It was a year ago that cloud backup firm Backblaze revealed some interesting data it had collected in regards to hard drive failure rates. For a number of reasons, trying to analyze the reliability of hard drive brands and models can be complicated, though when the dust settled, Backblaze determined that Hitachi brand HDDs were the best. With another year of operation under its belt, Backblaze has more data to share, though Hitachi remains a solid option.
It doesn’t appear that part of the deal was Verizon’s dropping it’s claim to ‘superior’ 3G coverage. The smack-down over which of the two has America’s most reliable coverage, unfortunately, remains unsettled.
For the second time in a row, Asus has come out ranked No. 1 in reliability for personal computers, according to Rescuecom's 2009 Second Quarter Top 5 Computer Reliability Report.
"Because Asus just introduced the newest version of the EEE Laptop last fall, the original predicted computer reliability of this laptop has been somewhat up in the air," says David A. Milman, Rescuecom's founder and CEO. "However, a good eight months later, we're still receiving the fewest calls for computer repair and support with Asus, while their market share is increasing."
Rescuecom ranks computer reliability based on the number of computers a company ships versus the number of computer repair and service calls Rescuecom receives. According to the report, of the top 5 companies, Rescuecom received the fewest number of calls for Asus at 0.6 percent. Apple, which ranked No. 2 on the list, received the third most calls with 2.2 percent, which is more than Asus and IBM/Lenovo combined.
Asus, the new champion of the report, didn’t only win the top spot, but they bulldozed Apple with a score of 972 to 324. Also leapfrogging Apple was Lenovo, who took home a score of 348.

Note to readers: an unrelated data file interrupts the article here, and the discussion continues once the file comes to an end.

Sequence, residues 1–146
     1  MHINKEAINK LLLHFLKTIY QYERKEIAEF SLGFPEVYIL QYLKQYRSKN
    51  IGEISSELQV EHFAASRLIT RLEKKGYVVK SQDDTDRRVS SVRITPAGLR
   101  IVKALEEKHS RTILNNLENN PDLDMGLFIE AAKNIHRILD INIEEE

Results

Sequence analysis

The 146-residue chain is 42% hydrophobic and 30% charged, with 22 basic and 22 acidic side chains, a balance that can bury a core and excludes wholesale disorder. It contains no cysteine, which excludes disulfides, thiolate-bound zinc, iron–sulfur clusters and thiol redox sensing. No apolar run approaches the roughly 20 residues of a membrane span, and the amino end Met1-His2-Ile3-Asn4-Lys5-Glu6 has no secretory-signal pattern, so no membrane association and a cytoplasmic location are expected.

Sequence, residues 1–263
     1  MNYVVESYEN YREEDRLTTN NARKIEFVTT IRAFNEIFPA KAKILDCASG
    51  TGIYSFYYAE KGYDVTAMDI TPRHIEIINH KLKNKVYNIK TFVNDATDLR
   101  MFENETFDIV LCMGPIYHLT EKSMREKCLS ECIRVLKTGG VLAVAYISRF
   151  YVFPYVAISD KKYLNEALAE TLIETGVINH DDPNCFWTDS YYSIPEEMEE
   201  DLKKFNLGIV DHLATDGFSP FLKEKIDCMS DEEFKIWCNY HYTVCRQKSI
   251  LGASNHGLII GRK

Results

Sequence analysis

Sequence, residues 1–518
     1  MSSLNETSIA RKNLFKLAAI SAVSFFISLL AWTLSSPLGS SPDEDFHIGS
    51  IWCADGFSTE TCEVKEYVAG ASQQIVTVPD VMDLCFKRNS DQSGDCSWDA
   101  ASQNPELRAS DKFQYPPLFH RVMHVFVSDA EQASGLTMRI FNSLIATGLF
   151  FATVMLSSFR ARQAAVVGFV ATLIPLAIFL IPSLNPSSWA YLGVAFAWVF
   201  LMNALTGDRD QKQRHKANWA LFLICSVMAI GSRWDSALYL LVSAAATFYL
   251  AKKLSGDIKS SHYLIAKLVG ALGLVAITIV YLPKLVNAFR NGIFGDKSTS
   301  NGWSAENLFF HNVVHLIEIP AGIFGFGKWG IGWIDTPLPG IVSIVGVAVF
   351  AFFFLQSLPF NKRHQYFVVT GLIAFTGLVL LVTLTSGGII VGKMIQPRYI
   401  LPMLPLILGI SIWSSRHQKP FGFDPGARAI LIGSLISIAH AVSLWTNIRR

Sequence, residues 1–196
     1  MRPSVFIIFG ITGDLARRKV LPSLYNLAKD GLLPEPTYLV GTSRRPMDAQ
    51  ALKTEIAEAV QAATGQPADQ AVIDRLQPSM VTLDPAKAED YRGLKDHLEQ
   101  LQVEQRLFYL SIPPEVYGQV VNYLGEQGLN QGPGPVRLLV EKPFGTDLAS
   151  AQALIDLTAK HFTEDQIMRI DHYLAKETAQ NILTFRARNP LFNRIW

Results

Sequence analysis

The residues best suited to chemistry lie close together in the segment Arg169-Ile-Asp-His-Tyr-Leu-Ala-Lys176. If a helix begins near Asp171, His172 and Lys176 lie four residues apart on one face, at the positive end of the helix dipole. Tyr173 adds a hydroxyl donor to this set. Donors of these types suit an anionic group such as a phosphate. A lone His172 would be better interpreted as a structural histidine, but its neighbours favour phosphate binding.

Admittedly, Apple does have a larger US market share than Asus (1.6 percent compared to 6.8 percent), but given that Asus was only responsible for 0.2 percent of the service calls placed to RESCUECOM, they do deserve a big pat on the back.
SSDs are the hottest trend in storage, but how long will an SSD last? Right now,there's no industry standard for longevity or reliability. However, Cnet reports that Seagate and JEDEC are working together to establish a standards-based method for determining those factors.
Seagate isn't alone in working with JEDEC, the standards body responsible for standards in the solid-state industry. Earlier this year, X-bit Labs reported that JEDEC's JC-64.8 committee, which is responsible for developing SSD standards for embedded and removable storage, is being co-chaired by Micron Technologies and Seagate.
Micron brings its experience in memory technologies, while Seagate brings its experience in drive reliability to the endeavor. As Cnet reports:
Seagate says it can tap into the decades of expertise it has in error correction. "Some of the skills we've picked up along the way, to deal with imperfect media, has applicability to dealing with imperfect media on NAND."
Seagate's own SSDs won't hit the market until 2009, but hopefully its work with JEDEC to set standards for reliability will help make all SSDs more reliable.
So, what do you think? Will Seagate's presence on the JEDEC committee responsible for SSD standards make this latecomer to SSDs the one to trust when product finally hits the street? Or, are you ready to use SSDs right now? Join us after the jump for your chance to sound off.
For most enthusiasts, choosing a hard drive usually comes down to performance specs. This includes spindle speed, areal density, what size buffer it comes equipped with, and any special features like NCQ. But as solid-state drives (SSDs) start to trickle into the mainstream, expect to see a greater importance placed on the mean time before failure (MTBF) rating.
It'd be nice if hard drives could last forever, but like every other component that makes up your PC, hard drives eventually die. And it's never a pretty sight, either. Sometimes a HDD will give up the ghost without warning, leaving you frantically looking for ways to revive the drive long enough to extract your data (remember the freezer trick?). Other times you're given ample warning of an impending failure, typically in the form of unpleasant grinding noises, disk errors, an unusual clicking noise that wasn't present before, S.M.A.R.T. warnings, and other telltale signs that it's time to backup your data.
Learn more about MTBF ratings and how that translates into real-world life expectancy after the jump.